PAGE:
Brahms was a morning composer and many times, after working on the symphony's finale, “talking shop” was the last thing he wanted to do. But he and Henschel took long walks along the beach – they were staying on an island in northern Germany in the Baltic Sea – where Brahms also taught Henschel how to swim underwater with his eyes open so they could amuse themselves looking for coins and colored pebbles.

One time, Brahms and Henschel walked “across the moors to listen what he called his bullfrog pond.”

“Can you imagine anything more sad and melancholy than this music? Here we can understand the origin opf fairy tales about enchanted pricnes and princesses. Listen! There he is again, the poor King's son with his yearning, mournful C-flat!”

Sharing a hotel room on of their outtings, Henschel had to vacate the room, fleeing Brahms' “symphonic snoring.” When Brahms woke up and realized why Henschel had left, he told him “really, why didn't you throw a boot at me?”

At another time, both of them visited a composer”of popular but thin music who habitually worked all day long.” Henschel doesn't identify him: Swafford says it was Joachim Raff. When Raff's wife told Brahms she had tried to get her husband to break his work-schedule to give himself at least two hours a day away from composing – taking a walk with his daughter, for instance – Brahms earnestly agreed. “Oh that's good, that's very good!” Only Henschel got the real meaning behind his statement.

Henschel also left a description of Brahms from this time (seen here in a portrait dated 1872): “He was the sort with whom you use the word splendid: handome and ruddy of face, rambunctious when you caught him on the right day, a lusty eater who attcked his plate with manifest pleasure and likesie the accompanying mugs of beer and Kaffee afterward.” He stood out in a crowd with his “vigorous rocking gait, soft hat in hand, waistcoat unbuttoned, the wool-flannel Jäger shirt collarless whenever possible: the archetypal tie-hater.”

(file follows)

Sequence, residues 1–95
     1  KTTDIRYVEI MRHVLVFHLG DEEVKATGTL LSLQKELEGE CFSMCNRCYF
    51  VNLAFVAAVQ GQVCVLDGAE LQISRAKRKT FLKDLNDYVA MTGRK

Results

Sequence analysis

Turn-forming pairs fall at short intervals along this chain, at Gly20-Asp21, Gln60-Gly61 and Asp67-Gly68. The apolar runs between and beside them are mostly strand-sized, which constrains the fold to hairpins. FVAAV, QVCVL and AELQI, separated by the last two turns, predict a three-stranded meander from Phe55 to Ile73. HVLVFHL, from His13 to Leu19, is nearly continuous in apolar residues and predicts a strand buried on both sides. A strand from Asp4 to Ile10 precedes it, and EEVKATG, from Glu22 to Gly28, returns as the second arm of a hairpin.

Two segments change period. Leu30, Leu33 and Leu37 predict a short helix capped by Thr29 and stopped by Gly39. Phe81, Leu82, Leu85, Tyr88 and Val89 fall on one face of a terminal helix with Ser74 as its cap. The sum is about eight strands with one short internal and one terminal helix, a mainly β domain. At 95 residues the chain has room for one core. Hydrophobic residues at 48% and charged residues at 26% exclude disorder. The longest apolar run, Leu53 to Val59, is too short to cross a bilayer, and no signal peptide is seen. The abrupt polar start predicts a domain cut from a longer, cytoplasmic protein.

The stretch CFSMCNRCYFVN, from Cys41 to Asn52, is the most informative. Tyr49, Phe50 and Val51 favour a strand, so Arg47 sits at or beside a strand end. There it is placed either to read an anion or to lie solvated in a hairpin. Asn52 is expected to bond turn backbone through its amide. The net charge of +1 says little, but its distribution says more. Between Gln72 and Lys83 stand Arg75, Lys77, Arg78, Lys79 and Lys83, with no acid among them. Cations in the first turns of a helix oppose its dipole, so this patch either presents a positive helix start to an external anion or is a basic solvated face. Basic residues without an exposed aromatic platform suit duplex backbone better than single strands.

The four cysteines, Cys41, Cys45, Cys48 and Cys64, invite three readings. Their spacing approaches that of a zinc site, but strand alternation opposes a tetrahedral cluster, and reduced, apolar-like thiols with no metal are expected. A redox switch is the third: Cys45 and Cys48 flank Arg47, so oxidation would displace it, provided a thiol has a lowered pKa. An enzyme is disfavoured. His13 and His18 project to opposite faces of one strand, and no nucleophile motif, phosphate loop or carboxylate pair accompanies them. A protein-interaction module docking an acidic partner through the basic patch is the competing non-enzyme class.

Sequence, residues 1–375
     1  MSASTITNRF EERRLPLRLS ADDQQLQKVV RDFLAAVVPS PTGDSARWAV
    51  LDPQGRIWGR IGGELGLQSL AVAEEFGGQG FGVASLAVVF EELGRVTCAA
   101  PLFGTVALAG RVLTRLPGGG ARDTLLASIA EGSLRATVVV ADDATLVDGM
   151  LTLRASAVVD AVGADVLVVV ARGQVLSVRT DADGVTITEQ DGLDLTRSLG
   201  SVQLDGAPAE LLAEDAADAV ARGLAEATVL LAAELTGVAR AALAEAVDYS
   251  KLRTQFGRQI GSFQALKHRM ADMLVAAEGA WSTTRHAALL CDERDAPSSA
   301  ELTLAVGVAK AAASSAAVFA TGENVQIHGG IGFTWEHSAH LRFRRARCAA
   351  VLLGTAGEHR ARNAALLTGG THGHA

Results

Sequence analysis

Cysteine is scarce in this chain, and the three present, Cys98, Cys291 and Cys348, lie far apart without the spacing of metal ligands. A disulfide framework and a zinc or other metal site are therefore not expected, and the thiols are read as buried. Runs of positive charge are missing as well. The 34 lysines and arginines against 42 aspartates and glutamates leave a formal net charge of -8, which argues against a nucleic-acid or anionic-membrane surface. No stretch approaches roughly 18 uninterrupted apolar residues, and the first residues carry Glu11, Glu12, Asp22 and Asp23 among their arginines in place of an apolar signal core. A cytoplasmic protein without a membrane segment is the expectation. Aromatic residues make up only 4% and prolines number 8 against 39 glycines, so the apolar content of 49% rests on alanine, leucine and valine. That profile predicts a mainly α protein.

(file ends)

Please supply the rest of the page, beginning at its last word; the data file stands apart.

It was around the time he completed (finally) the 1st Symphony that Brahms also began growing a beard. It is difficult for us to imagine him a young man without it. But even like his music, he would not settle for just the first beard he grew.

By the end of 1878 – in the two intervening years, he had now composed his 2nd Symphony in a mere four months and his Violin Concerto – Brahms also started his third beard!

Asked why he grew one, he would say “with a shaved chin, people take you for either an actor or a priest.” He was delighted to discover that “whiskers made him almost unrecognizable.” Introducing himself solemnly to friends as Kapellmeister Müller from Braunschweig, he would see how long it took them to realize they were talking to Johannes Brahms. Once, Gustav Nottebohm (famous for his edition of Beethoven's sketchbooks) “spent an entire evening in polite conversation with Kapellmeister Müller.”

Brahms was 20 when he met Robert Schumann who hailed him as Beethoven's Heir. Twenty-five years later, after finally completing his first symphony – hailed as “Beethoven's 10th” – Brahms changed his appearance perhaps to match his new-found security: the boyish-looking Brahms “sank once and for all behind the patriarchal mask. Brahms' face became as magisterial and enigmatic as the outer face of his music.”

“The disguise,” Swafford concludes, “was complete at last.”

- Dick Strawser